Having ancestors from County Cork in both my wife’s and my family I was looking forward to the contents of this book. In many ways I was not disappointed for it deals well with the basic sources such as BMD’s (not BDM’s please), census and parish registers. There are good tables and maps of parish information in both numerical and alphabetical indices. Administrative divisions are dealt with very comprehensively, an aspect which often puzzles those dealing with Irish records for the first time. There are helpful sections on directories and newspapers, electoral lists as well as Catholic and protestant church registers. It should be noted that Church of Ireland does not keep death registers but does keep burial registers, as mentioned in the text but not in the tables of dates of holdings.
I was however disappointed to find that the book was apparently trying to be all embracing for the family historian by including a section about starting one’s family history and finishing with a section on fictional feelings about using Dublin archives. As is stated in the book, not everything can be found on the internet and it is really necessary for the family historian to experience using these old original sources such those in the Registry of Deeds.
Leaving out the first section of the book would have released space for a table of registration districts in County Cork and the parishes they cover, very useful when analysing results from the GRO. Among the section of occupational sources mention of Irish Customs and Excise records in the National Archives at Kew (not the PRO anymore) would have been useful. Also missing is a section on Wills and administrations, surely a vital part of any family history research and does Ireland not have any Poor Law records?
Reviewed by Peter Davies Rugby FHG
NB This is a second edition (original publication 1998) now updated and revised. The review is based on the second edition alone
23 August 2011
The Family and Local History Handbook 13
Published by Robert Blatchford Publishing Limited
ISBN 978 09552399 4 6
price £10.00 (+p&p)
Robert and Elizabeth Blatchford's Family and local history handbook has come a long way since it began life as the Genealogical services directory in 1997, It was originally conceived as a directory to all the various organisations offering to help family historians – societies, record offices, libraries, publishers, professional genealogists, etc. The first edition had one article on 'starting your family history', and was stapled together as a 70 page pamphlet. Now, it is much more than that. The 13th edition has a weighty 448 pages. It includes no less than 60 articles on general 'Family and local history', followed by separate sections on Welsh, Scottish and Irish research, on digital genealogy, and on military history. It still includes a 'beginner's guide to family history', written by Doreen Hopwood, and giving brief information on the civil registers, census returns, and parish registers. There are a couple of other articles on the civil registers, including one on adoption; the Scots and the Irish registration systems are also described. The handbook does not, however, attempt a comprehensive collection of articles on family history: for example, apart from Doreen Hopwood's article there is little on the census or on parish registers. Rather, the aim seems to be to bring together a wide range of articles on a diversity of topics. In that, it succeeds admirably. If your ancestor was a policeman, a railwayman, a boatman, an apprentice, a blacksmith, a prisoner of war, a lunatic, or even an arsonist, then there are articles here that may help you to trace him. If you need to know about wills, the National Archives, social networking, the RAF Museum, or immigration to Natal, then you can find out here. Each edition has a completely different range of articles, so those of us who have collected previous editions are building up a substantial library of articles on numerous odd corners of genealogy.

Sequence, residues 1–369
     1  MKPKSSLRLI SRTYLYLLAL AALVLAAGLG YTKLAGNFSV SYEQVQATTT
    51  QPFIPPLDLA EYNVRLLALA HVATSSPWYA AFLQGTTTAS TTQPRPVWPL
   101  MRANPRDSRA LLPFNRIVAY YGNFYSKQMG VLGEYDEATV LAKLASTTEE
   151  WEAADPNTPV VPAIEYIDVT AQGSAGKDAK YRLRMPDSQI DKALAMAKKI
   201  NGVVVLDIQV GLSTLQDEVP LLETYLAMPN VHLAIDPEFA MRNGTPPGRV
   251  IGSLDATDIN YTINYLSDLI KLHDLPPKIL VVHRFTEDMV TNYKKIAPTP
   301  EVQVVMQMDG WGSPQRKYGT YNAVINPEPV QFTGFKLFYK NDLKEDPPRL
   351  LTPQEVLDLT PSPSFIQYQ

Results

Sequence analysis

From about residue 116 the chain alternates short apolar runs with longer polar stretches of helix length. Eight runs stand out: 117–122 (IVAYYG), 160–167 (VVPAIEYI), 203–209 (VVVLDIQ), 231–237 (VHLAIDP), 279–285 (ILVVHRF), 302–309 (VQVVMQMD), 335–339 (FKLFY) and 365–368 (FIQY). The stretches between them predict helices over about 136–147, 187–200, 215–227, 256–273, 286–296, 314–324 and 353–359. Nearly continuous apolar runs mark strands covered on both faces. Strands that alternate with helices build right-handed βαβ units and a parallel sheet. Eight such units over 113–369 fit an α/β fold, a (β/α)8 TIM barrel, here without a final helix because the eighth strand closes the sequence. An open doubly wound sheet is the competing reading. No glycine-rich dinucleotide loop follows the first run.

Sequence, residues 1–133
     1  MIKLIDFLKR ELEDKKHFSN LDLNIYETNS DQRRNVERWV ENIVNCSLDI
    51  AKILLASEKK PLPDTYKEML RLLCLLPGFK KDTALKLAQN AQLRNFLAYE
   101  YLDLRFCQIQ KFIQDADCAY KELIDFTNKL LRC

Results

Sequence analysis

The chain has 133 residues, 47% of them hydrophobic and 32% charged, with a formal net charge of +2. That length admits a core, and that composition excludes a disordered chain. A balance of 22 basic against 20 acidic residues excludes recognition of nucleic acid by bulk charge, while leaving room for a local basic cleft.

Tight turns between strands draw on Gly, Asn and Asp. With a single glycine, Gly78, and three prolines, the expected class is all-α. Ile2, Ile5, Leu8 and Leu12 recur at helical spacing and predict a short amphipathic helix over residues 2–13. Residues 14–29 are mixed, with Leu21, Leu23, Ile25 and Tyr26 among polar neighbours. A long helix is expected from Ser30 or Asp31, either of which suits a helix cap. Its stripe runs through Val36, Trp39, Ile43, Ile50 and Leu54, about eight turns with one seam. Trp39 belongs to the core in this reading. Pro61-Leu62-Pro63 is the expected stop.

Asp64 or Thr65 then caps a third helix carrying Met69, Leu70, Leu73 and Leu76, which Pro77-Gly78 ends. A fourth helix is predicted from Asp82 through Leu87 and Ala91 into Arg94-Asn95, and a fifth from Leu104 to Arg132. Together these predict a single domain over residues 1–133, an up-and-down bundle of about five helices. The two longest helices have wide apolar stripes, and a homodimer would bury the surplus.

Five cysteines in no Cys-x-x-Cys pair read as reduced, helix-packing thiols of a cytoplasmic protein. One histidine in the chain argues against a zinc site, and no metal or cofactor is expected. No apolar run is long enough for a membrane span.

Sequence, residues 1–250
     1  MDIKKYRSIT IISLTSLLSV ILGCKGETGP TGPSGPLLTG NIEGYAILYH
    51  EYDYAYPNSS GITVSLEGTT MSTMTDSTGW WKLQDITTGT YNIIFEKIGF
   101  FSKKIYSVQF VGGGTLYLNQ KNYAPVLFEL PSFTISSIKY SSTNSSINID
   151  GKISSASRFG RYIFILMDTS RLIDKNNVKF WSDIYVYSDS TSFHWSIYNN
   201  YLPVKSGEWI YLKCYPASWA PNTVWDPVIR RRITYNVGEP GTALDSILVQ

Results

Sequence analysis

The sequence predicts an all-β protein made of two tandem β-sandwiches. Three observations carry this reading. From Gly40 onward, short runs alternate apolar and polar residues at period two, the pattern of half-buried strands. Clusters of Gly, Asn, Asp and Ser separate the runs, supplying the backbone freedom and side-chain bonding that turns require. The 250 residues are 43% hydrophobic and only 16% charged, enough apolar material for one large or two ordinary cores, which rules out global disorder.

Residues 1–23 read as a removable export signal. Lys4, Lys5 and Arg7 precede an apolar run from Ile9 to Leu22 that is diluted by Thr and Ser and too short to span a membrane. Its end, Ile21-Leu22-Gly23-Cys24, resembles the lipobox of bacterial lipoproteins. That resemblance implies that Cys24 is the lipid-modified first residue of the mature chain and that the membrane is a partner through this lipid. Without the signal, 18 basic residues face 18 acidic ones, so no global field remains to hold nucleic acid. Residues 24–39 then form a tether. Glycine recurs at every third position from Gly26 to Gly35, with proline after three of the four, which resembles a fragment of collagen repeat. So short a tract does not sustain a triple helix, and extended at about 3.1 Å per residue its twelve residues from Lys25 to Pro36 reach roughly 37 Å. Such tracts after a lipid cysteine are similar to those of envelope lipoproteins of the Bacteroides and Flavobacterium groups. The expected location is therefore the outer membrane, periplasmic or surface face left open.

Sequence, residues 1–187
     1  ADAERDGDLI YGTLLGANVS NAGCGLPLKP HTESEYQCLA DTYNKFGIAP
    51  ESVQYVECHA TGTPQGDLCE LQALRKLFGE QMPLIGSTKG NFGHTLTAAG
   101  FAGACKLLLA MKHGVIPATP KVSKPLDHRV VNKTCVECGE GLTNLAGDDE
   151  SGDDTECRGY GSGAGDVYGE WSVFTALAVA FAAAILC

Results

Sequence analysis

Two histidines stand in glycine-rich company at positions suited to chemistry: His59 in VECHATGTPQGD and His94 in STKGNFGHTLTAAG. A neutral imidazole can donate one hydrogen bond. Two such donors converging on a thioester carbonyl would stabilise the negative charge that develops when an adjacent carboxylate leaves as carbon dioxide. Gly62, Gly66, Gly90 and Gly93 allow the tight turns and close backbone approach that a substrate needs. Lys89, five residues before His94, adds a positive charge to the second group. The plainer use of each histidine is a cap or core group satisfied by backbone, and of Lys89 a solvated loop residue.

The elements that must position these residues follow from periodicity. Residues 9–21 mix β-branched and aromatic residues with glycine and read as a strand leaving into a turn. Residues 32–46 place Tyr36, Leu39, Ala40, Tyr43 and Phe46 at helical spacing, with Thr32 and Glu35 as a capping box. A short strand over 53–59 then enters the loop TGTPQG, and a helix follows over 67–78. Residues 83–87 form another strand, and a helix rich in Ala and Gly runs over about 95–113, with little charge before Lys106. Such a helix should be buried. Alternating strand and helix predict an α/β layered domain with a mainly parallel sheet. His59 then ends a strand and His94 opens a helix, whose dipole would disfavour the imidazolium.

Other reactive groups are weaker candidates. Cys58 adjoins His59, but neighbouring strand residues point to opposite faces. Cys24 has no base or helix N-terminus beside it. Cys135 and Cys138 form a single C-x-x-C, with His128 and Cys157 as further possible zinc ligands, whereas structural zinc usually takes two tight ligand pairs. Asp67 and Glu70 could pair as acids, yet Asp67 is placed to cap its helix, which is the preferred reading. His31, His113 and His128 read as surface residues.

The original title, 'Genealogical services directory', is still continued at the back of the volume. Here you will find the addresses of all the institutions you are ever likely to need to consult. Over 5,000 are listed. Yes, you can get all this information from the internet – but it is worth glancing through the list just to see the range of organizations now active in the field. That includes many museums and local history societies, whose activities are rarely mentioned in the genealogical press.
And all this for £10! There are many much less useful books costing more. This is a good read, and a good buy.
Reviewed by Stuart A Raymond
NB — Robert & Elizabeth Blatchford are to publish a brand new publication, The Irish Family and Local History Handbook, which will be launched in Dublin at the forthcoming Back to Our Past event running at the Royal Dublin Society from October 21st-23rd.
The British release date for the book will be January 1st 2012, but details of how to pre order will be published at www.genealogical.co.uk
3 August 2011